Governor Arnold Schwarzenegger vetoed the California DREAM Act on Sept. 30 for the second time in two years. The act, authored by state senator Gilbert Cedillo (D-Los Angeles), was aiming to allow illegal immigrants access to financial aid at the University of California, California State University and California’s community colleges.
“I share the author’s goal of making affordable education available to all California students,” wrote Governor Schwarzenegger in a letter to the state senate, “but given the precarious fiscal condition the state faces at this time, it would not be prudent to place additional demands on our limited financial aid resources as specified in this bill.“
The Development, Relief, and Education for Alien Minors (DREAM) Act would have allowed illegal immigrants access to the Board of Governors Fee Waiver, scholarship disbursements, and the High School Graduate Cal Grant A and B.
If Cedillo continues to try to pass the bill he can either seek to override the veto or amend the current bill and present it in the next fiscal year.
“The bill was amended in order to address the governor’s concerns, yet he still vetoed it,” said Yuliana Mendez, spokesperson for Cedillo. “We will more than likely be introducing another DREAM Act with another amendment.“
“Things like this bill may be well-intentioned but are going to come at a tremendous cost and are probably not going to be the best for California at this time, in the daunting fiscal condition we are in,” said Sam Cannon, chief of staff for state Representative Paul Cook (R-Yucca Valley), who voted against the bill.
Every year an estimated 65,000 students graduate from U.S. high schools as illegal immigrants, and 24,000 of those students are in California, according to the Urban Institute.
If these students attend California colleges, they are ineligible for government aid.
“Because undocumented students don’t have a social security number, they can’t take out a loan or apply for federal aid,” said Mendez. “They have to pay out of pocket, and they can’t get a job because they don’t have a social security number.“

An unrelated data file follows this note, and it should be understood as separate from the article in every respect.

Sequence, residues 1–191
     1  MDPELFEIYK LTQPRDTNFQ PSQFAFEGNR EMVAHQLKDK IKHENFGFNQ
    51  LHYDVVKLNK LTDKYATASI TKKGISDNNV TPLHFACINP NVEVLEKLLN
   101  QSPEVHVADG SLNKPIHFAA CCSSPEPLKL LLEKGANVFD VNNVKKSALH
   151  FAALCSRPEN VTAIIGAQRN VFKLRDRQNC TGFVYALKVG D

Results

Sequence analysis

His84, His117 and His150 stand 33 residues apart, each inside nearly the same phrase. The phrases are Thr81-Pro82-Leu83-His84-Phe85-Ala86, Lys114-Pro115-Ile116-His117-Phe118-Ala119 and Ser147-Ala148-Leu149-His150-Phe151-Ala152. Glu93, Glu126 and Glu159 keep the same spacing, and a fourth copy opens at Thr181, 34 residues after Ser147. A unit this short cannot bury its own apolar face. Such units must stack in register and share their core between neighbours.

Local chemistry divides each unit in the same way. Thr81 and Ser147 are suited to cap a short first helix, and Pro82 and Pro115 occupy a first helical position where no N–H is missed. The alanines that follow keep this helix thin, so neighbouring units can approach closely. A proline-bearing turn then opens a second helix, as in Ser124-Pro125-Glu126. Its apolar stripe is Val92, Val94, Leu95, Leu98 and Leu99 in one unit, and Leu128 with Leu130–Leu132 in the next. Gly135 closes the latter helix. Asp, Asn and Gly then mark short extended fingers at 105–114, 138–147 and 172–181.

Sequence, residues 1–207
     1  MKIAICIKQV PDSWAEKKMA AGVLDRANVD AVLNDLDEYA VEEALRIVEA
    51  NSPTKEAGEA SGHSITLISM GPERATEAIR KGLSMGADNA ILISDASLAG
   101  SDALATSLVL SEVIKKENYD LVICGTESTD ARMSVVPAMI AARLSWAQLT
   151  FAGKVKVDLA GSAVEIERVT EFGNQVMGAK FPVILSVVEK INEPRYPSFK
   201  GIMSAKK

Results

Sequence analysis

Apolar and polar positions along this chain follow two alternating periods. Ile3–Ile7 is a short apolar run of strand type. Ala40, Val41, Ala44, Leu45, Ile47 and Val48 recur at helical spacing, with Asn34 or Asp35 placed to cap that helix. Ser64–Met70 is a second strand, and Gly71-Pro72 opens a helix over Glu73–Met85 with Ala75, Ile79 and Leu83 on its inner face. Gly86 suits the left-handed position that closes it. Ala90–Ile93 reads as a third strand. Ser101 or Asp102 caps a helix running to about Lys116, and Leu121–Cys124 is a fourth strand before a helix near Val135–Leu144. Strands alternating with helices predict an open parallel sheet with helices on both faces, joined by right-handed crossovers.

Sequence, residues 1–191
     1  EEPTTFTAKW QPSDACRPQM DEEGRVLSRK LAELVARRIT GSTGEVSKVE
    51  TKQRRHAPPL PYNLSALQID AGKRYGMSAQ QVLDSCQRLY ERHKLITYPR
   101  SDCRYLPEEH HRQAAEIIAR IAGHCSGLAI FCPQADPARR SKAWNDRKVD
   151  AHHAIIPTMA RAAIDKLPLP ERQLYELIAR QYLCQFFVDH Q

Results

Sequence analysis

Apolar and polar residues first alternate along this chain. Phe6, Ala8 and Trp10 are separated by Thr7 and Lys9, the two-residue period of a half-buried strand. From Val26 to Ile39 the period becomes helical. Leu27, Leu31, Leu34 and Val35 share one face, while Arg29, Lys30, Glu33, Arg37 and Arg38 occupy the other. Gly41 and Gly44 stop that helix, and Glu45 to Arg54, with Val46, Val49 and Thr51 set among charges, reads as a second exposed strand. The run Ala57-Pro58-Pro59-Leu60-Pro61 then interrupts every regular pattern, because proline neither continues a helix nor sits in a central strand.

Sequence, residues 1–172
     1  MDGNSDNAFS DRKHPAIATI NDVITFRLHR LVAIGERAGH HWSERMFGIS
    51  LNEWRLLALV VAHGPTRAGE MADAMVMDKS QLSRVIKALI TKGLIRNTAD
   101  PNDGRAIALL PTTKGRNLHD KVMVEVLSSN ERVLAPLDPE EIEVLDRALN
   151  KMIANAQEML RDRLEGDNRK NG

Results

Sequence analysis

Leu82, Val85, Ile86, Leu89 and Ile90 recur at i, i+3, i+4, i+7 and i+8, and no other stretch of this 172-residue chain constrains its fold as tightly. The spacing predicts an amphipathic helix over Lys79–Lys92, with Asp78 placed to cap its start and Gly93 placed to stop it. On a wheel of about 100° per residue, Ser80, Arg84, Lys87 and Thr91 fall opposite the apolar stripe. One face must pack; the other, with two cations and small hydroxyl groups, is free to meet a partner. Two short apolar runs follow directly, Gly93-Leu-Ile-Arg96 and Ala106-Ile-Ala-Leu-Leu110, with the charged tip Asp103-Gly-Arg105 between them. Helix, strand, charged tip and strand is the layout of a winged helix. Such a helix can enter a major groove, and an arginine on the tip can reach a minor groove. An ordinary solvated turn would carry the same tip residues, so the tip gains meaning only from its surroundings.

If the California DREAM Act were passed, the aid that students would receive would also include the private funding of each institution, said Mendez.
“Our bill gives students access to that money,” said Mendez. “If Senator Cedillo donated $5,000 to UC Davis for undocumented students, the money would go to them.“
There are two ways in which the California DREAM Act would affect the financial aid systems, according to a statement from state Representative Mike Villines‘ office. Either the number of financial aid awards would be increased, or the same amount of awards would be dispersed among more students.
“[This bill] could create General Fund cost pressures, possibly in excess of $2 million,” said the statement. “[Or] it would have the affect of bumping some students who are currently eligible for institutional financial aid and replacing them with [undocumented] students.”
The California DREAM Act is not the same as the federal DREAM Act, which would grant permanent resident status to illegal immigrants who plan to go to college or serve in the military.
Illegal immigrants have been able to pay in-state tuition fees since AB 540 was passed in 2001. UC Davis tuition for a California resident is currently $9,496.60. Nonresidents will be paying $30,104.60 for the school year.
AB 540 students must attend high school in California for three or more years, graduate or pass the GED, and promise to apply for lawful immigration status.
The California DREAM Act states that only documented and AB 540 students would be eligible for financial aid.
A lawsuit against AB 540 was filed in 2006 and is still pending in the court system.
The case alleged that AB 540 discriminates against documented students from out of state and that it goes against federal law. The case was dismissed, granted an appeal and will now be brought back before the Yolo County Superior Court.
If AB 540 is abolished, the California DREAM Act may need further amending in order to account for the increase in cost of tuition for undocumented students.
“It sends the wrong message when California passes bills without any anticipated revenue,” said Cannon. “People have to tighten their belts right now, and [the California DREAM Act] does the exact opposite.“
The AB 540 case is ongoing and Cedillo has not made an official announcement that he is going to present the bill again next year.
“We don’t know what is going to happen, and it is all going to take a long time,” said Mendez.
Senate President Pro Tem Don Perata (D-Oakland) told the Sacramento Bee Wednesday that this year’s budget situation is already in peril. Perata said that if the current state budget is not revised California could face a deficit of $3 to $5 billion this fiscal year.
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